Essentially the FBI is asking Apple to write new software to defeat its own security measures. Unmoved by the government’s arguments, Apple has since publically stated that it will not comply with the order.
What is extremely interesting, and perhaps most telling, is how each side has publically addressed the situation. While it is true that there is an actual phone and an actual violent plot at the background of all this, the fight between the Feds and the tech giant is really about a much larger ongoing debate. This is a perfect case to study various arguments for enhanced privacy, versus the arguments for increased access by law enforcement, thus enhancing security of the public at large.
From Apple’s perspective, CEO Tim Cook has said from the beginning that this is about privacy. But while that may appeal to Apple customers and privacy advocates, the general public may not agree that the FBI should not be able to look through someone’s phone if they have a court order. Maybe not surprisingly, Apple has pivoted its stance to one that raises concerns about security.
If Apple creates a backdoor to encryption, it says, it will only be a matter of time before the ability to hack devices falls into the wrong hands, such as criminals or foreign bad actors.
Once that happens every device will be vulnerable. Therefore, Apple argues, breaking into this one phone will have consequences that far outweigh the reward.
For the FBI’s part, they have carefully tried to frame the issue to make it as much about this one case as possible. The shooting is a sensitive subject and there is great public support to fight perceived terrorist threats. However, if the FBI wins this battle it will have set a precedent it no doubt would like to exploit in the future. As Mike Masnick of Techdirt reminds, “after the Intelligence Community lost the fight to get a law banning strong encryption, intelligence officials said out loud that they’d just wait until the next terrorist attack.” The political environment surrounding a serious attack such as the San Bernardino shooting makes the security argument the FBI is pushing much more favorable. There is even doubt as to whether the FBI really needs the data it can access by breaking through the Encryption on Farook’s phone. And the FBI’s own actions may be responsible for locking itself out in this case.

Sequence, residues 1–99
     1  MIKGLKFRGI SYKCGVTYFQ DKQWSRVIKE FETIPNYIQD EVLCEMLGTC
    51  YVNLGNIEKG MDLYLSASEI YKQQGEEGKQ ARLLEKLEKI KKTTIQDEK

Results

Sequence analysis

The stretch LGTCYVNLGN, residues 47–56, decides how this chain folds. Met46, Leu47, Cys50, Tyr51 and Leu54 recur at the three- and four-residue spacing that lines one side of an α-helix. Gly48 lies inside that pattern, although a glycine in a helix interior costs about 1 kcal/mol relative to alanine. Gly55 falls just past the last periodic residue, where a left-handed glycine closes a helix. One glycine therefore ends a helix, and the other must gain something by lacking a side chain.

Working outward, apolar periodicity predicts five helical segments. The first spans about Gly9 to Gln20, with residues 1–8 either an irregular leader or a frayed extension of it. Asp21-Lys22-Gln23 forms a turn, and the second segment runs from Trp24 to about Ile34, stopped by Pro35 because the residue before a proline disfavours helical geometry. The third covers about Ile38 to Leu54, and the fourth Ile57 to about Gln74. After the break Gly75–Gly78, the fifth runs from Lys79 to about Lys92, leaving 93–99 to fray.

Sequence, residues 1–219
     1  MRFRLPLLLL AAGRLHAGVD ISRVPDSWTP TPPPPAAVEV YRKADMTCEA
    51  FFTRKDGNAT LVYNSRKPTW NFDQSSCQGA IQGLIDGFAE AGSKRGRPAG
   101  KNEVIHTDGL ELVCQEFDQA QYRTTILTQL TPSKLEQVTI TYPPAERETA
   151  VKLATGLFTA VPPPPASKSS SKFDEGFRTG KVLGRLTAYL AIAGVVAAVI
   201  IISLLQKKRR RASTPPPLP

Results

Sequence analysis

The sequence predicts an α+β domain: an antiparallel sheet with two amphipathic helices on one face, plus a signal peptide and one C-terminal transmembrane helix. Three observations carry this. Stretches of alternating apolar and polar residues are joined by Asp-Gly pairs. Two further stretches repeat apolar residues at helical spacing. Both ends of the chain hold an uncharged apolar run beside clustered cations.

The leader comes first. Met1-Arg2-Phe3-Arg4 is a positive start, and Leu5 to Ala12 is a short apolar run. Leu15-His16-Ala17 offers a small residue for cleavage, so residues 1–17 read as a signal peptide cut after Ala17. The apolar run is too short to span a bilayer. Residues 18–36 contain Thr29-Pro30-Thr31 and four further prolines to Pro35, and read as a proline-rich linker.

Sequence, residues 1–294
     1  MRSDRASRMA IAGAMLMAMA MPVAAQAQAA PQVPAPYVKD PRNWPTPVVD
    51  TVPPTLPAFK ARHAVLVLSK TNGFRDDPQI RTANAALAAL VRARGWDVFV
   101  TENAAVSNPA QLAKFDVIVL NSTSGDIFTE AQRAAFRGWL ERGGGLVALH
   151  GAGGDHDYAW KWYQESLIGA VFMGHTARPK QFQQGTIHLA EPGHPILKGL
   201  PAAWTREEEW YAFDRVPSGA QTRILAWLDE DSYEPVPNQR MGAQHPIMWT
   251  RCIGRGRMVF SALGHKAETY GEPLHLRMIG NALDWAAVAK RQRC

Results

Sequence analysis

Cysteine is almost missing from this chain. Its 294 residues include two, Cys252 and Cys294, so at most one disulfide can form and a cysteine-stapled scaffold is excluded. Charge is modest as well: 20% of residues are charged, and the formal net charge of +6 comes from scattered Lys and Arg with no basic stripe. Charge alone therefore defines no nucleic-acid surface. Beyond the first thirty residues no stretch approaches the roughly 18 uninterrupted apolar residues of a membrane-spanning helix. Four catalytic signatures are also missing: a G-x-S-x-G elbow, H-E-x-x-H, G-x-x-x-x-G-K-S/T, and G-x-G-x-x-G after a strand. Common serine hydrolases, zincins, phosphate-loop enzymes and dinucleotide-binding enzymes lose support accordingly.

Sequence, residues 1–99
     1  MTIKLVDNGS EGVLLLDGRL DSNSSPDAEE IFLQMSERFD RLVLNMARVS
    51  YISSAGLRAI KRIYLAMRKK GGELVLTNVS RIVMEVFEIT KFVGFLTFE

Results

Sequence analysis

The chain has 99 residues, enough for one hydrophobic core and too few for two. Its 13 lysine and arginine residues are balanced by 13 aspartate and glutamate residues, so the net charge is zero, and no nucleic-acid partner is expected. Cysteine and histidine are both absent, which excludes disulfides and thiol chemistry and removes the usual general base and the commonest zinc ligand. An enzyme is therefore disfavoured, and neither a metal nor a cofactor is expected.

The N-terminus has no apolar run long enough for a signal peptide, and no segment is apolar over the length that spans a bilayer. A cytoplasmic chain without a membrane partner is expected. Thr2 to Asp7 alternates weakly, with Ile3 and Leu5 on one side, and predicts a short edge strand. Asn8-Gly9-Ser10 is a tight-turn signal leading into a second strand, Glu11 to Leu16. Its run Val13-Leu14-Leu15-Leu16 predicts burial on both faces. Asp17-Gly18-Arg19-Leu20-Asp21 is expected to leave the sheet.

Whatever one thinks of the merits of each sides’ arguments. This is a case that should be paid close attention to because it involves important questions about the balance of personal privacy and collective security. And also whether or not a company should be compelled to help the government break into its own product. Interestingly, even if the government wins this round, privacy advocates are already one step ahead coming up with ways to protect their data from a government hack. If nothing else peaks ones interest in this case, it is worth noting the irony that the FBI’s legal argument on why it has the authority to beat encryption is based on a law that is over 200 years old. Proving once again that in the fast paced twenty-first century of a new iPhone seemingly every year, the pace of the law is as cautious and plodding as ever.